Non-management: Hi. It’s been a while since I’ve written anything anime-related, but I’ve been busy with my day job and Japanese studies, and now that Japanese test day is over and done with (for now, until December, oh no), I had the time to whip something up. However, I hit an issue of not being able to write anything about recent anime because (1) I haven’t been watching many recent anime because of real life, and (2) I didn’t think there’s anything about the recently anime that I have watched that I feel I’d be interested and capable enough to write about. So, I thought about past anime I’ve watched, and decided that yeah, I could whip something up about Hunter x Hunter (HxH). I say that like it was simple, but it’s been a while since I last watched it, and I don’t have the greatest memory, and oh boy let’s talk about Dragon Ball too… oh no this ended up being a lot.
So I wanted to write an angle to HxH that people online haven’t really talked about all that much, and one angle that came to mind was comparing Goku to Gon. People have talked about how Goku is a problematic guy, and people have really talked about how Gon is a troubled kid, but I haven’t seen a lot of chatter of comparisons between these two characters. It was curious to me, because I think of all the shounen heroes I’ve watched and observed since Goku debuted on the shounen battle genre stage, it was Gon who felt like the most direct spiritual successor to Goku. Goku being as iconic to the genre as he is, bits of his personality have reappeared in subsequent shounen heroes in subsequent shounen series time and time again (like Luffy in One Piece), but Gon seems to have inherited the most bad shit from Goku as well as a lot of the good stuff. Especially in the original Japanese, Goku isn’t a paragon.
Goku’s made selfish decisions that led to worse consequences for the people around him, but I feel like with lot of the cult of fan idealization that’s grown up around him, combined with (if not quite uncritically) how softly the narrative treats him compared to other stories about heroes with fatal flaws… perhaps Goku’s flaws are overlooked a bit too much for comfort. Not Gon though. Oh no, not Gon. Gon reaps blight from what he sows, and what was sown in him feels seems to partially stem from Goku, so I suppose the Hunter x Hunter author could have been implicitly criticizing how lightly Goku got off for his self-centeredness. I hate to throw out this term lightly (which is why I decided not to use it in the article proper), but rather than ignoring or downplaying the negative consequences of that Goku-esque self-absorption like other shounen series do with their protagonists, HxH embraces it with Gon before, dare I say, deconstructing it.
By deconstructing the Goku-inspired shounen hero, HxH innovates on the kind of storytelling the shounen genre is capable of. Here, we have to be careful of what is meant by deconstruction, because the term in the way it was intended to be used constructively wasn’t supposed to make narratives darker and edgier and subversive because those qualities are inherently more engaging. It’s meant to expand the possibilities in what a genre is capable of doing by driving the prevailing archetypes within them to an extreme that’s uncharted but still arguably follows the in-universe logic: a flawed shounen hero that falls really hard… but is then carried really hard by his friend.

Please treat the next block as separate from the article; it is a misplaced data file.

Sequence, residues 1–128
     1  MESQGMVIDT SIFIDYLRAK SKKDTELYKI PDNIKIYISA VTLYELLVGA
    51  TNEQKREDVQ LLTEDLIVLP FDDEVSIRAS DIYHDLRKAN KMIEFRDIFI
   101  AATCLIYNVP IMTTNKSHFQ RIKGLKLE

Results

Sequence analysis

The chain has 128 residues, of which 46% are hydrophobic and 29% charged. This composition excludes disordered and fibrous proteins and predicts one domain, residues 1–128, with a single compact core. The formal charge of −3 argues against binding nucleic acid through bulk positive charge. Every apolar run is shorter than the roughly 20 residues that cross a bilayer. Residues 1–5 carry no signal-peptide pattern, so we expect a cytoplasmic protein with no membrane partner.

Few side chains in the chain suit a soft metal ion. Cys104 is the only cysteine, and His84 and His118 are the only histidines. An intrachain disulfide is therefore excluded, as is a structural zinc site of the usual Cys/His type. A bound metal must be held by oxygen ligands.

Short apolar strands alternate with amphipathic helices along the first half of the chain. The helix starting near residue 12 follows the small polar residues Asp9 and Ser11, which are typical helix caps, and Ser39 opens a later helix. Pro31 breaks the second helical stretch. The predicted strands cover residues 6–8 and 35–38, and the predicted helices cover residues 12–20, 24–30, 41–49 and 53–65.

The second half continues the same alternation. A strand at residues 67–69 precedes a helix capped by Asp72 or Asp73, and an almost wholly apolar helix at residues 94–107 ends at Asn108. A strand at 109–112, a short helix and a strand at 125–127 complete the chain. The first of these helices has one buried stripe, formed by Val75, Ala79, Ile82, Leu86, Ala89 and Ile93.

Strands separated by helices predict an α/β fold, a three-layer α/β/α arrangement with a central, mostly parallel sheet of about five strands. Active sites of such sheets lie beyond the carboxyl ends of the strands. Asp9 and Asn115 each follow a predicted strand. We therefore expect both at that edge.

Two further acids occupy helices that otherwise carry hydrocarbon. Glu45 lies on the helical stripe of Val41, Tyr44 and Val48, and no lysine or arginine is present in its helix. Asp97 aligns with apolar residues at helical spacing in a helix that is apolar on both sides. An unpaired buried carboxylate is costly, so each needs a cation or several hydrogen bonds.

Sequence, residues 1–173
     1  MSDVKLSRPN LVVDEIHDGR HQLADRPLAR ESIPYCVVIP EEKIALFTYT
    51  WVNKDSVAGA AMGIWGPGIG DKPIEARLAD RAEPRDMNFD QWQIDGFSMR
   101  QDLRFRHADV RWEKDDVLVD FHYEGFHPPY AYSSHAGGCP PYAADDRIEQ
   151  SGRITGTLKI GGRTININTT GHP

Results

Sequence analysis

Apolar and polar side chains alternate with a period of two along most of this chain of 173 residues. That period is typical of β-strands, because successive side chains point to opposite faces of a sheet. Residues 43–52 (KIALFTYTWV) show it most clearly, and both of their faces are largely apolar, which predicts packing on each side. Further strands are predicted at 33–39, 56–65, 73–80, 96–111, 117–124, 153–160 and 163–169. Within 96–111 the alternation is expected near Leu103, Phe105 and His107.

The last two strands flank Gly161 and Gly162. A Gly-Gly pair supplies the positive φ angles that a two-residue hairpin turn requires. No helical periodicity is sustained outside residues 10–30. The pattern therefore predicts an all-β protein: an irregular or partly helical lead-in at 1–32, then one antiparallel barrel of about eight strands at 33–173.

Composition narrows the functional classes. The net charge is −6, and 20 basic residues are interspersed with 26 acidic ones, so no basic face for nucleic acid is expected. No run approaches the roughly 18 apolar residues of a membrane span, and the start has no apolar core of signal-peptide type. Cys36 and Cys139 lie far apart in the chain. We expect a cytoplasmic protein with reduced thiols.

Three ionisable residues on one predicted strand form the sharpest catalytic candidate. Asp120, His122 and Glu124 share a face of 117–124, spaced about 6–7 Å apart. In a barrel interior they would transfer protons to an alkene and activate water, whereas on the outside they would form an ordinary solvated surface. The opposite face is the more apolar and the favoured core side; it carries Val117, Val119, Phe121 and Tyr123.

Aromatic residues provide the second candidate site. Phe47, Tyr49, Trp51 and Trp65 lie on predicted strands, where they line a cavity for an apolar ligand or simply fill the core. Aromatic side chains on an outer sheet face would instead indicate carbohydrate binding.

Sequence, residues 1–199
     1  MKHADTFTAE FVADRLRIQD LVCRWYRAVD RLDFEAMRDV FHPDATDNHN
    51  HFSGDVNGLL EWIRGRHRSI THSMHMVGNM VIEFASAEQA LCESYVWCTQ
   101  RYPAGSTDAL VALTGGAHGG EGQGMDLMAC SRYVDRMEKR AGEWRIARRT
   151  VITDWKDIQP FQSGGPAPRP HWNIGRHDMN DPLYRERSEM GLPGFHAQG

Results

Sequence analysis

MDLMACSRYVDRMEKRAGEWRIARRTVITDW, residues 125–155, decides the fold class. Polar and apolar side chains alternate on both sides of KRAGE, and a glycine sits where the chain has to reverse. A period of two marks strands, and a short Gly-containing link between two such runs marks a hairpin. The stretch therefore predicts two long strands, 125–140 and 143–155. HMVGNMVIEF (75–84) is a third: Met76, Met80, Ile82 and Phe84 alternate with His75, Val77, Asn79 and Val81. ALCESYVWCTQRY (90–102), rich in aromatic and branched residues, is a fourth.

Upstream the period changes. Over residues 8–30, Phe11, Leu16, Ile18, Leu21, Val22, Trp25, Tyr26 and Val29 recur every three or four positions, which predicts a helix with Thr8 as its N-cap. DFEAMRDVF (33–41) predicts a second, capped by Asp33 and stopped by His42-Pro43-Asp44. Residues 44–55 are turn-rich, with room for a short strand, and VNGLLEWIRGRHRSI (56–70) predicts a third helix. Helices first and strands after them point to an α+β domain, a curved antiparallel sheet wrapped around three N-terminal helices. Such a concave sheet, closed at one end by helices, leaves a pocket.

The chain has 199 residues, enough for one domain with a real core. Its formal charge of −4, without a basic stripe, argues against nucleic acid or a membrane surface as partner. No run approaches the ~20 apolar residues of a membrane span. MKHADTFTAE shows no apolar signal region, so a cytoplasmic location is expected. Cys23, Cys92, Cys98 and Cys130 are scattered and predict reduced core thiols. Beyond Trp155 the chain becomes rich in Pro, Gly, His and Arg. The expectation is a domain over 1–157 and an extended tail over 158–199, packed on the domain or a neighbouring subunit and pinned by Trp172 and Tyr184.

On a different note, I got to write about the narrative significance reincarnation one day, and how that differs mightily with resurrecting or coming back alive like normal.
But anyway, I’d like to give a big thanks to ANN’s Lynzee Loveridge for commissioning my article. Below is a summary short of the article. If you’re interested in reading further, click the link embedded in the title or at the end of the article sample:
It probably wouldn’t be a stretch to say the most iconic face of the shounen manga battle genre would be Son Goku from Dragon Ball. Goku works to be the strongest in every arc, training especially hard when the next toughest villain appears. He’s also a pretty good-natured and down-to-earth guy. Honestly, he’s not unlike Superman in those respects. I suppose it’s little wonder then that online nerd forums periodically pit Goku and Superman in one clash or another: who’s stronger, who’s better.
I’m not interested in arguing who’d beat up who, nor do I want to argue who’s better written. All I’m saying is… if there’s one thing that Goku has that prototypical not-Snyder Superman doesn’t… it’s an obsession with fighting strong opponents. He likes it too much, to the point that it affects his other priorities. Despite this issue, Goku is such an iconic face in shounen battlers that he’s influenced so many MCs in the genre since, fragments of his personality reborn into new faces, good and bad. In Gon Freecss from Yoshihiro Togashi‘s Hunter x Hunter (henceforth HxH), we see a more biting exploration of the bad: that self-centeredness that Goku embodies.
It is in HxH‘s exploration of this self-centeredness that the series takes the shounen battler to new heights, and it achieves this by giving us a flawed hero, one that physically, mentally, and emotionally succumbs to their worst impulses… READ MORE